“Musou” is a Japanese word meaning “peerless” or “matchless”. A “Musou” warrior is one whose name is whispered among grunt soldiers everywhere. They’re known for having killed a hundred opponents without flinching, or whatever. How can we dare say that such men did not exist? Novels like Three Kingdoms are able to list the names of every warrior that died at every battle in the war; the Chinese have always had an ear for history and an eye for detail. Names like Lu Bu surf atop the tides of generations, centuries, and millennia as the names of men who were essentially invincible in combat; they were detached from their own mortality in such a way that they could not fear death, or something. Combat, like any sport, is mostly mental, anyway. Think about all those characters in horror movies that viewers always yell at: “Don’t go that way! Shoot him!” Those characters are based on real-life personalities as well — they are the types of people who would not last on a battlefield. Certainly, there’s a little psyching up that happens prior to donning the armor and shaking a spear in the face of danger, though it was seldom ever enough for a farm boy to take down a legend. (See David and Goliath for an example of a farm boy who became a legend by taking down a legend.)
Any review — whether it’s a blurb in Weekly Famitsu or an Amazon.co.jp staff review, or even an Amazon.co.jp reader review — of a Musou game will mention the word “Soukaikan” — “Refreshing feeling” — in the first sentence. This may be a clue that someone in the PR industry is first-degreeing the murder of good natural human conversation, and at that we can only groan: Japanese people using a buzzword in their user reviews is nothing terrible, compared to, say, global warming. Examining the term closely sure makes me feel kind of lonely, though. They say they feel “refreshed” when they play a Musou game, and it scares me that I can recognize why. A Musou game puts you in the buckled boots of a peerless warrior — the man on the battlefield who gets things done. This appeals to so many tens of thousands of Japanese casual gamers simply because to some people games are not life; they are escapism; and the majority of the human population are or were not the type of twenty-two-year-old Ivy League college graduates to walk into his first day at work at a large multinational corporation in a leather jacket and ripped jeans and perfect hair, ignoring the dress code (tie, suit, bald), and flip off the boss and say “You old codgers need to change your game” and end up the CEO and the proud owner of a yacht within six months. We can’t all be rock stars; we can’t all be legendary warriors; we can’t all be Bill Gates; Musou games let us experience a world with the invincibility code turned on, where enemies stop and sputter before us, technomental canaries flying against the glass walls of an AI script that says “Even on hard difficulty, give him four or five seconds before attacking him”. This sort of medulla oblangata massage wouldn’t have worked on Super Famicom, because the graphics weren’t real enough. (Pseudo-ironically, the Gameboy Advance Musou is probably the best one in the series, because it uses Super Famicom-style graphics.)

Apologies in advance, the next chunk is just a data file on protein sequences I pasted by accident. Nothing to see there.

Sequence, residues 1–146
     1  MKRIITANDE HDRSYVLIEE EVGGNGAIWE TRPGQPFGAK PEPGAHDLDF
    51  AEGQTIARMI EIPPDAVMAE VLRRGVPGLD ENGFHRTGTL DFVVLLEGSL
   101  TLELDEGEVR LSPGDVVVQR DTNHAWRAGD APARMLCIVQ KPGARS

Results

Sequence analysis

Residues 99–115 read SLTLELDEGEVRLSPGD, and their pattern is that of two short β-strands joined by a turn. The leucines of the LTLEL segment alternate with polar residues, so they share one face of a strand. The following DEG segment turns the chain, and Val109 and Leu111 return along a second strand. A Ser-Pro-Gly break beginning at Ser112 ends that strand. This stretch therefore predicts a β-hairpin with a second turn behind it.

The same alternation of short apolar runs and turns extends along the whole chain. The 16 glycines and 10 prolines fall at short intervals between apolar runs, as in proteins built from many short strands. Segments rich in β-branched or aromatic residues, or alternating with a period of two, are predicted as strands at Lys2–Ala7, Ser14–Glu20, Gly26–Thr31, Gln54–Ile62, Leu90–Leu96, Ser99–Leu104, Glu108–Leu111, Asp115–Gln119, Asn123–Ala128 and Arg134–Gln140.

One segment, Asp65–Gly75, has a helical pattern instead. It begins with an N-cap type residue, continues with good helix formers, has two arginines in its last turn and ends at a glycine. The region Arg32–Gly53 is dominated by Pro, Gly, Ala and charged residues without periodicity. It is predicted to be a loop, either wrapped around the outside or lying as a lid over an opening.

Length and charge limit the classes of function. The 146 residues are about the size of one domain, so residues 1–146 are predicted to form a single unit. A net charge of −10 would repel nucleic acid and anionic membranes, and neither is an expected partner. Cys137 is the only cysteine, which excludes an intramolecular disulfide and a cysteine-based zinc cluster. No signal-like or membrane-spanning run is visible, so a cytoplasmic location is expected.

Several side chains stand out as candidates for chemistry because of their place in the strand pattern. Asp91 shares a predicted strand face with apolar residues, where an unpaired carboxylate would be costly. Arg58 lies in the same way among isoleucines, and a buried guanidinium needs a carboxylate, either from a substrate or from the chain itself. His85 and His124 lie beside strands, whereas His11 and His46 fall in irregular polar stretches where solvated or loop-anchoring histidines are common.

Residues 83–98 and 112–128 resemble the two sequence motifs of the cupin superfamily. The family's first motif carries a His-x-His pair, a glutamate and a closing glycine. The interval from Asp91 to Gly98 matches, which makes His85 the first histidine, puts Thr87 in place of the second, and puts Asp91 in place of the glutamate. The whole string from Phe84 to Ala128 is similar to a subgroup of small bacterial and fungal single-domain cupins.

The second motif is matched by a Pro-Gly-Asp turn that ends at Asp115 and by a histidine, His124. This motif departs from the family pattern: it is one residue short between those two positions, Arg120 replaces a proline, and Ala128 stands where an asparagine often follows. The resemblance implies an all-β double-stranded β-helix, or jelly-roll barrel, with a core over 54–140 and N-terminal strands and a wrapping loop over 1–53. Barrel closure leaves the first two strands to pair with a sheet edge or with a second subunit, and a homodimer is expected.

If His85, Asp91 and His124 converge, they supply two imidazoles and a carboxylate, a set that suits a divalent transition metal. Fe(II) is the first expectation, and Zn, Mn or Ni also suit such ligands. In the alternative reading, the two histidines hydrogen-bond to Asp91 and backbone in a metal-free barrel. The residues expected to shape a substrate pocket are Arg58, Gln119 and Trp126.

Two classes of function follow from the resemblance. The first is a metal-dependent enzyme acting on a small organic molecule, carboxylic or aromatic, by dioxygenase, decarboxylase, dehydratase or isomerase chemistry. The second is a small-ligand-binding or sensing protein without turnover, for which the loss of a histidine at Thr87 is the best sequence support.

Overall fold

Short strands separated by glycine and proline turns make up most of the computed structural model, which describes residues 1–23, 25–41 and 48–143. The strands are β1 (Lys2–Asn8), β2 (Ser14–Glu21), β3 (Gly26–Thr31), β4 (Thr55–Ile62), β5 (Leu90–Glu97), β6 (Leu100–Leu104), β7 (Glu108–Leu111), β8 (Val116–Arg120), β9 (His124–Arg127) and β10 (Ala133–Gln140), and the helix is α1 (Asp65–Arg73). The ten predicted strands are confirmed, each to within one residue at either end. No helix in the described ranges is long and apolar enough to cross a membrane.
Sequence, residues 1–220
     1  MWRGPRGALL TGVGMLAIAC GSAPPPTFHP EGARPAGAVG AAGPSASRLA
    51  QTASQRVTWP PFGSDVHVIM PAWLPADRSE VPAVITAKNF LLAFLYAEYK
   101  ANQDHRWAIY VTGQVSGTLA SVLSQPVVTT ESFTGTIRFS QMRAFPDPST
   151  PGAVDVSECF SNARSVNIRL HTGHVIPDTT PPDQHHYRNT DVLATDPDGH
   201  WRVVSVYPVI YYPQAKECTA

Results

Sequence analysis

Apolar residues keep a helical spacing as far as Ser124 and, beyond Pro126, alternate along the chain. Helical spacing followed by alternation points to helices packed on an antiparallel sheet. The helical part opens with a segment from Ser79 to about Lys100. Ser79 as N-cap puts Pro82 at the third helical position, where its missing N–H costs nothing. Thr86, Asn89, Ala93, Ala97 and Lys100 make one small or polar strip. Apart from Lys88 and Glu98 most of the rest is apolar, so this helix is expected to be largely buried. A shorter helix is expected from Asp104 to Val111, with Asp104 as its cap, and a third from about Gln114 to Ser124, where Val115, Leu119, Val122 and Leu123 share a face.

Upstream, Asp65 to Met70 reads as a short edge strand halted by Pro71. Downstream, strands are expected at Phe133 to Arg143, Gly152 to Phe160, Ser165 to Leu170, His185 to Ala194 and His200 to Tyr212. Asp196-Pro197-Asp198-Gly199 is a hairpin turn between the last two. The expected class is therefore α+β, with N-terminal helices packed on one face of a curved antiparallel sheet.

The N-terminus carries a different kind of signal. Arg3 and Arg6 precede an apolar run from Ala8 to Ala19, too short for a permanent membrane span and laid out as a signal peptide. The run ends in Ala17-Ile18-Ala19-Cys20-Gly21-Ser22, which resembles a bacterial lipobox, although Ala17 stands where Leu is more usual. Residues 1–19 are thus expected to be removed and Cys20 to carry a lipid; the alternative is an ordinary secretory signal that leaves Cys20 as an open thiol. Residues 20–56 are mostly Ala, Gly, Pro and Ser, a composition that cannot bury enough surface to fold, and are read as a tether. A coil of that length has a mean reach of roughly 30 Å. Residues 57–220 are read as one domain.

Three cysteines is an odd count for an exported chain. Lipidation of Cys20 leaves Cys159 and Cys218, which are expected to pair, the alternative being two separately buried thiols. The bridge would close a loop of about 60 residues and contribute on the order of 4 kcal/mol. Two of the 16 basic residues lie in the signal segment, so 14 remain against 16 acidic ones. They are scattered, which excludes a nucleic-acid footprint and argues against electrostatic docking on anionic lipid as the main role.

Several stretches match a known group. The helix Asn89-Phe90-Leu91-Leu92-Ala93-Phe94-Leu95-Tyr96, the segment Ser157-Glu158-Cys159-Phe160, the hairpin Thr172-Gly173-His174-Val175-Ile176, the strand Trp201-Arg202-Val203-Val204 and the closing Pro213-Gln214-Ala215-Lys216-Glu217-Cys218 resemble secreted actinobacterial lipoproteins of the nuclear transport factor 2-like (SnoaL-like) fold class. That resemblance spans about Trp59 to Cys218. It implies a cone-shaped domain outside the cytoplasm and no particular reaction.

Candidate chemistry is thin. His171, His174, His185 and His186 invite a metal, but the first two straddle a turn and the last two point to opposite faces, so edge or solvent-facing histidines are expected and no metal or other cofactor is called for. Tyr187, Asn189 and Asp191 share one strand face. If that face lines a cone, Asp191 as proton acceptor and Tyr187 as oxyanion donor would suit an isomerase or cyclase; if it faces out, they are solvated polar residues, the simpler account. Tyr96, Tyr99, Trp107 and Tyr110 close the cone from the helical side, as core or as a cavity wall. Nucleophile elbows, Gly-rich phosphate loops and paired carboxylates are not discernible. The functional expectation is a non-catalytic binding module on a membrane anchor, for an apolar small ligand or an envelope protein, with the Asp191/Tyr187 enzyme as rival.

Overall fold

I mentioned that Musou games sell about a quarter of a million to a half a million copies and then vanish from the sales charts. This could be because the majority of copies are sold back within a week of release; this isn’t because the games shock and repulse players with their shoddy shallowness — it’s because the players are not necessarily gamers or game collectors. They don’t let the games stock up on their shelves, they don’t show them off to friends. They play them the way a moviegoer watches a DVD: clear it once, check out all the special features, put it back in the case, tell the wife to return it, get yelled at and called lazy, take it back themselves. It’s not ironic, or hardly even funny, at all, that Koei has decided to start their own game rental service — called RentaNet, which is a (***)Â name — to rent out any games by any publishers who sign on the dotted line. Game rentals have been illegal in Japan ever since Nintendo whined up the government’s leg back in 1984. Keep in mind, this is also a country where CD rentals have been legal forever — for about two US dollars, you can rent a CD, rip all of the tracks into iTunes, and take it back the same day. Because the value of owning a CD started to descend through the floor, Japanese record labels began to offer special premiums — stickers, posters, big shiny boxes to contain the CD case. No special premiums, however, were premium enough to defeat the idea of CD rental and an MD player (and eventually iPod). This is why the price of a CD in Japan rose slowly to an average of around thirty US dollars. And thirty US dollars, I swear, is a big price to pay for much of the bullstuff they call music over here. Record shops started importing foreign CDs from their countries of origin, to save themselves and the customers money, much to the anger of the local Japanese label that would be releasing said CDs for a higher price in Japan, hence foreign artists always being encouraged to include a bonus track on the Japanese release of an album. New tracks means more complicated rights, means higher prices. Around and around it goes.